That sounds both inspiring and terrifying if everyone is Player 1. What about all the NPCs?
I think we all consider ourselves players but mostly see others as NPCs rather than players in their own lives, with their own problems and dreams and vulnerabilities. This is a problem of myopia and a lack of empathy but it’s also very human and understandable. Seeing beyond the scope of our own lives is hard sometimes. It takes real effort. It’s easier to be selfish and cynical than it is to be caring and hopeful because when you’re the latter, the “leveling-up” hardly ever manifests externally. Nobody gets a cool treasure or special ability from doing the right thing. You get the pleasure of knowing you did the right thing, and then sometimes (if we’re hanging with the video game metaphors here) you get pushed in some lava or spikes or crushed by a teeth-gnashing Thwomp and wonder why you ever bothered. That’s why I dig books. They let us play as other players and train us to see the screen from their point of view.
Speaking of books, you’ve got a new one out—Postludes, from Kernpunkt Press—which wears a few wonderful hats: almanac, bestiary, experimental and traditional. How did you contain so much in one work?
I like choosing a form and then letting the story come from that. Stories are like water—choose any container and they’ll fill it in. So I try to choose interesting containers. I think a lot of people probably do it the other way around: have the story first and then come up with the form that best suits it, but form first feels more natural to me. There are some traditional pieces in Postludes and if I’m honest they were just there to fill in the gaps. Ideally, the entire collection would have been composed of all these little forms, as if the book were struggling to bring some semblance of order to chaos in the same way all the characters are struggling to keep their hearts from loosening and pinging around in their bodies like pinballs. I also really like the timelessness and openness of all those little forms: they can never quite cover the whole story. Like life, no one story will ever fully be resolved even if we’d like to think it can succumb to finality. There’s a tension inside that uncertainty but there’s also hope.
What are you working on now / what is intriguing you now that you need to write about?
Right now I’m trying to find homes for a few stray manuscripts, a YA book and an experimental novella. It’s an education—I’m learning how much I don’t know about the YA market.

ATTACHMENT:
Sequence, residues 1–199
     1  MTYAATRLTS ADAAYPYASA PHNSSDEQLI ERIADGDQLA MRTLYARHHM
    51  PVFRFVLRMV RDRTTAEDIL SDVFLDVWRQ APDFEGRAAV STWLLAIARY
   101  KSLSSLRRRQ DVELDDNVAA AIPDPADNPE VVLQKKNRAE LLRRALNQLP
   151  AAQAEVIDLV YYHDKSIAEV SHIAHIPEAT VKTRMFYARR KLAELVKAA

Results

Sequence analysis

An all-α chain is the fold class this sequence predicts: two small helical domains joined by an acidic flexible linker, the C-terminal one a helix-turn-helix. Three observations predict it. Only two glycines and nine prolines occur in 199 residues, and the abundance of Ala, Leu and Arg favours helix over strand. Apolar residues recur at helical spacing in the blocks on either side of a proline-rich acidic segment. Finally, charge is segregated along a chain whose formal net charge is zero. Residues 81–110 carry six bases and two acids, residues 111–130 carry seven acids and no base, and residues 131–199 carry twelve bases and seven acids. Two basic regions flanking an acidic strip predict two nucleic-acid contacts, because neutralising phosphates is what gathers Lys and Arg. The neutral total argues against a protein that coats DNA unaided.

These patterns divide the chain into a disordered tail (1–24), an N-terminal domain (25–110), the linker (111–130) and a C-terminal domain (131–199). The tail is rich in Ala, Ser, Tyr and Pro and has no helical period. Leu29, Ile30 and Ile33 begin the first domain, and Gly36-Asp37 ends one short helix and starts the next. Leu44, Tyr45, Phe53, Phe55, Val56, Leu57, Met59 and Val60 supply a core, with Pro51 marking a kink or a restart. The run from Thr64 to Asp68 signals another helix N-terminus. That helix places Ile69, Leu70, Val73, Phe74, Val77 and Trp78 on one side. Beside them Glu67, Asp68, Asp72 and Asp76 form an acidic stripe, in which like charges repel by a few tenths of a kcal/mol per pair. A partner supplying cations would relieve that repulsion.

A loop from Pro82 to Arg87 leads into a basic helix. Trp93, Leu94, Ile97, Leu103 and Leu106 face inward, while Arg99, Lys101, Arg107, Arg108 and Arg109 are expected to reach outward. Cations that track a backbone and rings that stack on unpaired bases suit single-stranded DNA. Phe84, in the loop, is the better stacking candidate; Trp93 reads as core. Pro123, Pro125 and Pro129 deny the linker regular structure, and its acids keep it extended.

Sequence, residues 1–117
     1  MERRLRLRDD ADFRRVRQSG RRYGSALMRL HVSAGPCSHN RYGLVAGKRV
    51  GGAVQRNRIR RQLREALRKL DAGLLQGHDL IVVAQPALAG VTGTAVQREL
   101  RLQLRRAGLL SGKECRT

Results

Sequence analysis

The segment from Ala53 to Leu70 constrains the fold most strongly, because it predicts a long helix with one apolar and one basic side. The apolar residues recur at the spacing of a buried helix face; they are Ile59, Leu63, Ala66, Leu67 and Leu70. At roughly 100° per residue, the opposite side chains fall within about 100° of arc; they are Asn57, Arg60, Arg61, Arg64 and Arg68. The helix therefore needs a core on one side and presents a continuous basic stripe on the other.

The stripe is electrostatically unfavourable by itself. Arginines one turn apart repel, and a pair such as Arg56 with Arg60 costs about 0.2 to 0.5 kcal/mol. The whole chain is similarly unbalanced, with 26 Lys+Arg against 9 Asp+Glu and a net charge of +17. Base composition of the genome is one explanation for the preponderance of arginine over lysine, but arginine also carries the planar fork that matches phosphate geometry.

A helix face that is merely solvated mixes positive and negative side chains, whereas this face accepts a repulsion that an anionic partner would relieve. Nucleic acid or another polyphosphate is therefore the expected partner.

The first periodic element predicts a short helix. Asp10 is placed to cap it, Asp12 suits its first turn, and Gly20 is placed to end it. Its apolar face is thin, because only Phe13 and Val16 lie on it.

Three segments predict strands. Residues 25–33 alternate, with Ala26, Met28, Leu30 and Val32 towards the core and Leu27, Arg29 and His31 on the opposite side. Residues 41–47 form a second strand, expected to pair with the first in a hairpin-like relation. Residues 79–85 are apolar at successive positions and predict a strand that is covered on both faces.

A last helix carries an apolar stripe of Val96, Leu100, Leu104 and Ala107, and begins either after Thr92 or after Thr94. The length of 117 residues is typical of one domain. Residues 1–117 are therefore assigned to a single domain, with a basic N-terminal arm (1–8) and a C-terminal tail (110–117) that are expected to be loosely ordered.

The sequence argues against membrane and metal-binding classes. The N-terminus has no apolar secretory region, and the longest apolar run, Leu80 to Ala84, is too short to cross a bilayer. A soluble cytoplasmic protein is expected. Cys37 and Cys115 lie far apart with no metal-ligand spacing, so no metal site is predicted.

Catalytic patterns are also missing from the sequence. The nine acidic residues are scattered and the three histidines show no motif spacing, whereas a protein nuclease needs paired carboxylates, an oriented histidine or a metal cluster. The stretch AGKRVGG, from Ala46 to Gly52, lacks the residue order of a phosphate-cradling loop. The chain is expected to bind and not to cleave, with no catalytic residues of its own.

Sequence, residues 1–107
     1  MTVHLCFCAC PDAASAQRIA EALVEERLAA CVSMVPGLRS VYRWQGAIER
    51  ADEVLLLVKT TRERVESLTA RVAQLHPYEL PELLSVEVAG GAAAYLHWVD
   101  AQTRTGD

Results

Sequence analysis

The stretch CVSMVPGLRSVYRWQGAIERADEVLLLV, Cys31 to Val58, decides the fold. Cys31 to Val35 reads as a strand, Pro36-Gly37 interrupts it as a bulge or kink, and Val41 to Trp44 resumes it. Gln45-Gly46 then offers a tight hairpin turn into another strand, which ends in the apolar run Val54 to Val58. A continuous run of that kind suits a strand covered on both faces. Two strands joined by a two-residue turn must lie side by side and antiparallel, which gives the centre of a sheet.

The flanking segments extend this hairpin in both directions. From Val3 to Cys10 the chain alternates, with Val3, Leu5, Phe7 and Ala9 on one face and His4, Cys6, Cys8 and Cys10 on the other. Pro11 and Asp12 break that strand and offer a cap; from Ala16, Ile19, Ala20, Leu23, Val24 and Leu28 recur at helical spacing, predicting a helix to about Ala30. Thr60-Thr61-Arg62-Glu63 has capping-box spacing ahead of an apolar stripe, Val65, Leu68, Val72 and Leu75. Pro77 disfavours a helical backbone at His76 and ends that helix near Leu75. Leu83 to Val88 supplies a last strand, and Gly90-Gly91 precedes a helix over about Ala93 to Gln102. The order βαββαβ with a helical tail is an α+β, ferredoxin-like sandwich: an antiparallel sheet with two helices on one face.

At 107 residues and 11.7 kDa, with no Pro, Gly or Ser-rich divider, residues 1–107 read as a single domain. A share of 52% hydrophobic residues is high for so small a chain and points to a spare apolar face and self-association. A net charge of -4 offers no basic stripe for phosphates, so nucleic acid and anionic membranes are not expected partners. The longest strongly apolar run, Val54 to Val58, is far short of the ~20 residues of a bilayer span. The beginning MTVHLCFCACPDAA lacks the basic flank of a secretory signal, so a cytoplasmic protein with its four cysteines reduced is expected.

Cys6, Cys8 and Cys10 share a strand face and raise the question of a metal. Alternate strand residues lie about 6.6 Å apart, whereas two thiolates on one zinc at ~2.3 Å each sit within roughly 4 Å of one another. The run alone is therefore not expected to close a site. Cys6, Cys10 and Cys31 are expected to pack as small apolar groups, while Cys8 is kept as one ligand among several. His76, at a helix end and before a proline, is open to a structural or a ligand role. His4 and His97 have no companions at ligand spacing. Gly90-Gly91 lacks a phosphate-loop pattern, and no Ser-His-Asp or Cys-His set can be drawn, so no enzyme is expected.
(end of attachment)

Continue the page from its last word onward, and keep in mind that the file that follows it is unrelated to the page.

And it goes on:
As far as works-in-progress, I always have a few started that I just sort of juggle back and forth until one of them eventually wills itself to completion. One is a pretty straightforward collection of science fiction stories. One is a novella about a school shooting told from the POV of each victim. One is much lighter, pure pulp fun, that has more in common with some of Stephen King’s early work. One is a chapbook of surreal and absurdist poetry. The last thing I’m working on is a Twine game that I’ve been working on since forever. I doubt I’ll finish it anytime soon, as it keeps growing and growing. That’s a problem with me: my scope and/or ambition often defies my actual writing ability…it’s a tricky thing because the more time that passes, the better you’ve gotten at writing (hopefully) so you’re always revising those earlier bits and getting more and more behind. Accepting that any given project will never be truly perfect is a difficult lesson to learn I guess.
Anyway, in addition to all that stuff I have a book of poems coming out from Robocup Press either this year or next, so I’m grateful for that.
I’m grateful for everydamnlittlething, actually. You know those days where you think ‘I shouldn’t even be here’ and you’re just sort of blissed out at your dumb luck at ending up at the adult table somehow when you should probably only be at the kiddy table? Yeah, that’s how I feel when it comes to writing.
Every night I thank my lucky stars and say a prayer to Steve Buscemi.